You will have to have a witness present who is at least 18 years old when you sign. This leads you to the final step in the process…
Step 4: Your witness must sign the deed poll, too.
Your witness will also have to swear an affidavit that they witnessed the signing of the deed poll. This should be done in the presence of a solicitor or a commissioner of oaths.
Congratulations! You have just changed your name!
Enrolling The Deed Poll
Now, if you are looking to take the process one step further, you will want to enroll the deed poll in the Central Office of the High Court. While there is no legal obligation to do this, some couples prefer to as there are specific organisations or bodies that will only accept a deed poll once it has been enrolled.
So, if you want to enroll your deed, you will need to compile the following documents:
- The correctly-signed deed poll
- The affidavit signed by your witness
- A certified copy of your birth certificate
- A document that shows evidence of your previous name—this could be your birth certificate, marriage certificate, certificate of naturalisation, or a previous name change by deed poll.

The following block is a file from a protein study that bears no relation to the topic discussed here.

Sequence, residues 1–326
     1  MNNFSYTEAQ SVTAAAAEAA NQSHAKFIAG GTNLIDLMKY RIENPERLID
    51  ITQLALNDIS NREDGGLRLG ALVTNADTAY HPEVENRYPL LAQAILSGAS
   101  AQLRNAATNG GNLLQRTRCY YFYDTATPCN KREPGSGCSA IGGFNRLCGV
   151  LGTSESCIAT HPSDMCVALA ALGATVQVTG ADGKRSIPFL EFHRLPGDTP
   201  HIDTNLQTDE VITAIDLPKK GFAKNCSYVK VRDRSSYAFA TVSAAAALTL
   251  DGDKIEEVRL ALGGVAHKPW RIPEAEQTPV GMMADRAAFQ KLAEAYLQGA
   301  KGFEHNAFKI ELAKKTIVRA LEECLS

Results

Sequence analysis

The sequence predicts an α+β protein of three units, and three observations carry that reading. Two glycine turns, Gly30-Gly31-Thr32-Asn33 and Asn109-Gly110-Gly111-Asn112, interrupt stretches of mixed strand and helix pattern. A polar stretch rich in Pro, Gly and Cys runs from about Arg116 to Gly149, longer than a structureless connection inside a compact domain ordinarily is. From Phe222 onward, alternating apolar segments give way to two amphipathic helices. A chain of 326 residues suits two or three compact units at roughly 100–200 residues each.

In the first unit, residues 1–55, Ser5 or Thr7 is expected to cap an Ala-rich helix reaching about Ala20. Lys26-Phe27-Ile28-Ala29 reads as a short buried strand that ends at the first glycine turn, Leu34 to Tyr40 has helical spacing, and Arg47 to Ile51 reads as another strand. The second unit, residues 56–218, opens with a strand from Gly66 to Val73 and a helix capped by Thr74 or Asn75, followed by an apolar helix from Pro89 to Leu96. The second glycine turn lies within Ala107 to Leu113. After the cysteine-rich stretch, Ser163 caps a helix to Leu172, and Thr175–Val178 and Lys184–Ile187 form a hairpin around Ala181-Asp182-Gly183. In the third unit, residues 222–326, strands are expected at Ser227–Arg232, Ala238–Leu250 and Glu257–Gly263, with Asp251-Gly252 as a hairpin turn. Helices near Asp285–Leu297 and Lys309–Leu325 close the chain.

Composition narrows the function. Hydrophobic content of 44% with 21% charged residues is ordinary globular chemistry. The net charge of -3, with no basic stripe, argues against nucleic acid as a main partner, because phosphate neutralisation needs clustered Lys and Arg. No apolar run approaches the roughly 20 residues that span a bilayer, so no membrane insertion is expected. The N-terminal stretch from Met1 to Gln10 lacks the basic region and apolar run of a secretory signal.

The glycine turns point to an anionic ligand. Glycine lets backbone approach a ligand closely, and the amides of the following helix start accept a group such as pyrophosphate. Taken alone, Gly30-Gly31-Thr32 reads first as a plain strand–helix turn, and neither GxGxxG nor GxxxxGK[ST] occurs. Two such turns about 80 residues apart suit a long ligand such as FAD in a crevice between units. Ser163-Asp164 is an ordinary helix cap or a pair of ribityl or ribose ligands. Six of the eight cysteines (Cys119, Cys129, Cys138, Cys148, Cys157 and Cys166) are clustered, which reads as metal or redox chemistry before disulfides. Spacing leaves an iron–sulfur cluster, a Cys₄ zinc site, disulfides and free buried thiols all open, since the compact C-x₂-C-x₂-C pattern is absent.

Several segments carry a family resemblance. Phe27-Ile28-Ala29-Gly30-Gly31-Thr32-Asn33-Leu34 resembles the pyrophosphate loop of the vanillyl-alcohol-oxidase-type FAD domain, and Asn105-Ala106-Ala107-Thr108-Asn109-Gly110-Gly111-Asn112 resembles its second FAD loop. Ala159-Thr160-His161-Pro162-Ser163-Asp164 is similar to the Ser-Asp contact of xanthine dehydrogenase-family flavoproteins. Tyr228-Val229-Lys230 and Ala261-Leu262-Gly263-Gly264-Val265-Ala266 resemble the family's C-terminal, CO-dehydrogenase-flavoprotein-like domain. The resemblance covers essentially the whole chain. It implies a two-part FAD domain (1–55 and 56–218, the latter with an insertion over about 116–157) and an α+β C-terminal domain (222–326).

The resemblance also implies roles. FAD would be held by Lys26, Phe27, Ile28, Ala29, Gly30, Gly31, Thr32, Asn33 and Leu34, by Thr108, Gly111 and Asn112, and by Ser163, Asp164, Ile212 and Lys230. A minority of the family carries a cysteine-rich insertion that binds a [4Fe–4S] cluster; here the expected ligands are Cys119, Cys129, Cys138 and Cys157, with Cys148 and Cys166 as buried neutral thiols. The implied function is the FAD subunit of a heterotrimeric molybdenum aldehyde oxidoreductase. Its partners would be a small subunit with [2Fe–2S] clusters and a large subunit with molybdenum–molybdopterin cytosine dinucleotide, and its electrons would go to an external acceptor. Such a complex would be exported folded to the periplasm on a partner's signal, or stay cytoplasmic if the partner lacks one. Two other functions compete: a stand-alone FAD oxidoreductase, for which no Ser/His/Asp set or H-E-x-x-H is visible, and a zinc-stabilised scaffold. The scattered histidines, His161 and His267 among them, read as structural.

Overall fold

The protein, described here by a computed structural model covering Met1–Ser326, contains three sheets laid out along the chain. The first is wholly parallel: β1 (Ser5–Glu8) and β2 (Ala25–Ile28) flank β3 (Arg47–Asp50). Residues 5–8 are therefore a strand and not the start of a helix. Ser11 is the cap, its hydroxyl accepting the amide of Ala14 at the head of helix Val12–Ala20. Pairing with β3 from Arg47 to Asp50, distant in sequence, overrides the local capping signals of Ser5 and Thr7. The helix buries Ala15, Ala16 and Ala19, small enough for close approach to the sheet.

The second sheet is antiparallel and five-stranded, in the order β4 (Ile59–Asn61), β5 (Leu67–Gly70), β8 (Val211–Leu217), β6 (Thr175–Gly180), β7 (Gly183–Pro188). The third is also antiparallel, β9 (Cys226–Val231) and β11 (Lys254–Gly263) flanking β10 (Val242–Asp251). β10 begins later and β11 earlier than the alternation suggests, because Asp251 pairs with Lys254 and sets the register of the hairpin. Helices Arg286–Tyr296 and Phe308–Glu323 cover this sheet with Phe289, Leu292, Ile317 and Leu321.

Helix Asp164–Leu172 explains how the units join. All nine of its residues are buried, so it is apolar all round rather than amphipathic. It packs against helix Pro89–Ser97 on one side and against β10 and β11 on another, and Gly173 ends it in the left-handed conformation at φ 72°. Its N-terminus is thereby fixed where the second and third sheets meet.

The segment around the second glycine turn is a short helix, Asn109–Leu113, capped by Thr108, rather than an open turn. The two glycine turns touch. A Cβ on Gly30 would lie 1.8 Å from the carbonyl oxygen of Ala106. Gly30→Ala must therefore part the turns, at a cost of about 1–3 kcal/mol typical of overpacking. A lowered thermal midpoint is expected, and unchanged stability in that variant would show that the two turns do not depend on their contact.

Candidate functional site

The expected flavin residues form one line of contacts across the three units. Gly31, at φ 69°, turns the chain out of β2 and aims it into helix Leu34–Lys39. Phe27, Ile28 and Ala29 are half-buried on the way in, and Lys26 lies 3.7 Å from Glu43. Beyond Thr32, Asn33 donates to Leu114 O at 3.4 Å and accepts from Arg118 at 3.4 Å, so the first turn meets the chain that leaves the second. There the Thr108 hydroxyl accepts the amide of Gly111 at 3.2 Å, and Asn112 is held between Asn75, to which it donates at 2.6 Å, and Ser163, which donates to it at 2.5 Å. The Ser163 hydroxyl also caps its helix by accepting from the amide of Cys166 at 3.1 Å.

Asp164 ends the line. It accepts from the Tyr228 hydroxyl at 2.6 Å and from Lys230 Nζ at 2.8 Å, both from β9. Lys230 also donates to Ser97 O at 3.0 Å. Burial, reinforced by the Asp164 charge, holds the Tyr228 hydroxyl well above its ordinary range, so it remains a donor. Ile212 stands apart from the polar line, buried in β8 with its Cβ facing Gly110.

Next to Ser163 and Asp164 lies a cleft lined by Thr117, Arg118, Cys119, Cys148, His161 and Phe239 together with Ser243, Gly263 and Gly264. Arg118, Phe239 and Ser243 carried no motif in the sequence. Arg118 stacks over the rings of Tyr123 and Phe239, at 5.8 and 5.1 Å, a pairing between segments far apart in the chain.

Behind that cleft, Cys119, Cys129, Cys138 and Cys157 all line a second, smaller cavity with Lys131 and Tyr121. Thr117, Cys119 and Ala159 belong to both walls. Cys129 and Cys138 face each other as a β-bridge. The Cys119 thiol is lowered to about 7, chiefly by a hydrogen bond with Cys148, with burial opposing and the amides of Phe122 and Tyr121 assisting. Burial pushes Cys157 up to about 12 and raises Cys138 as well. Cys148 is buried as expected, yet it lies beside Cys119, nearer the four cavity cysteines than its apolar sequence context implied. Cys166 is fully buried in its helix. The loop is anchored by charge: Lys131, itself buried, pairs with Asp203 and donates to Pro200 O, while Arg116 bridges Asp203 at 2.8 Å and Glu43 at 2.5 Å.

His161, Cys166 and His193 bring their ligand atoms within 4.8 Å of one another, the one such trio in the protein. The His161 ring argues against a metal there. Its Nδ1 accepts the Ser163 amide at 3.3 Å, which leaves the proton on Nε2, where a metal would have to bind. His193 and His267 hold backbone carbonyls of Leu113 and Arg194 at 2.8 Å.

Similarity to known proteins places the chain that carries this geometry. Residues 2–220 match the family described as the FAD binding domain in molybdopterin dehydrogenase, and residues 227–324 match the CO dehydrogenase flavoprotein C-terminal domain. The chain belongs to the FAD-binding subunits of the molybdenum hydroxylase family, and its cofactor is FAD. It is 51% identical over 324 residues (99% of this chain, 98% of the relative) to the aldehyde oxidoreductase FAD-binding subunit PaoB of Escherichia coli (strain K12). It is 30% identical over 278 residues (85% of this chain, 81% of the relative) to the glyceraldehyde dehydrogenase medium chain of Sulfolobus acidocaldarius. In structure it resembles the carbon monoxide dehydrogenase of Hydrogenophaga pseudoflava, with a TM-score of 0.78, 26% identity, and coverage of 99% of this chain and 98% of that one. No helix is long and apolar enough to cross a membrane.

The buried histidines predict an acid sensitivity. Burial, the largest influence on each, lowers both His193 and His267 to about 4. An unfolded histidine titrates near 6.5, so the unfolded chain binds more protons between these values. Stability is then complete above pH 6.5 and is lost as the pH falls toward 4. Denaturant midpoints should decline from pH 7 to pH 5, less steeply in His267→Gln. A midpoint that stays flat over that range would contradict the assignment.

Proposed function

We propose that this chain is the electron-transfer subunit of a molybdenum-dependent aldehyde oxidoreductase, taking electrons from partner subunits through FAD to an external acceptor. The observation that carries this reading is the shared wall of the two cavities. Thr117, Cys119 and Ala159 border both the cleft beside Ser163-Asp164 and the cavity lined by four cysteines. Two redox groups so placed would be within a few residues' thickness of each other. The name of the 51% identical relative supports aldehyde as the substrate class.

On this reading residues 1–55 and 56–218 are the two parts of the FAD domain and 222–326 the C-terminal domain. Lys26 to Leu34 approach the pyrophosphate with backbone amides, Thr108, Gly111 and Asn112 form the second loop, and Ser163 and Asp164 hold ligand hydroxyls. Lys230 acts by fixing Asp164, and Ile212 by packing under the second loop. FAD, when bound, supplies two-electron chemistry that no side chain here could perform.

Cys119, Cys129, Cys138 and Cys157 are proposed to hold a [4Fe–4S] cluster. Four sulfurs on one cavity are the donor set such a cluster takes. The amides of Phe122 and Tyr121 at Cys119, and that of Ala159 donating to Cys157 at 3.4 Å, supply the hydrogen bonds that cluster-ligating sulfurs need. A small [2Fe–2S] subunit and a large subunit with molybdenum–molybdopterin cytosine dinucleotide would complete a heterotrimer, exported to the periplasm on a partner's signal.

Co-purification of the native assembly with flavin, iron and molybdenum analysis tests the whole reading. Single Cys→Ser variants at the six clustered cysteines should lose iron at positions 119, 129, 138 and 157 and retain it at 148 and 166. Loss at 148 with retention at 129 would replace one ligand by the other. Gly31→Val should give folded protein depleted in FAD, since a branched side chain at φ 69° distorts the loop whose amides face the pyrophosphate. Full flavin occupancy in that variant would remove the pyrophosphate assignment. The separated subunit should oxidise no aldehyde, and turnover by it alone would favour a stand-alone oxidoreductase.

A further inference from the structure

- If you are a non-EEA national, you will need a ‘change of name licence’. This does not extend to British citizens.
- Certified photographic proof of identification—this could be a passport or driving licence.
Once you have all the required documents, you will have to fill out an application form to enroll in your deed poll. This includes an acknowledgement that states that your deed poll will be published on the Courts Service website and will be available for inspection by the public. Then, all you have to do is mail your completed application (including all the supporting documents) to the Central Office of the High Court.
Who To Notify Of Your New Name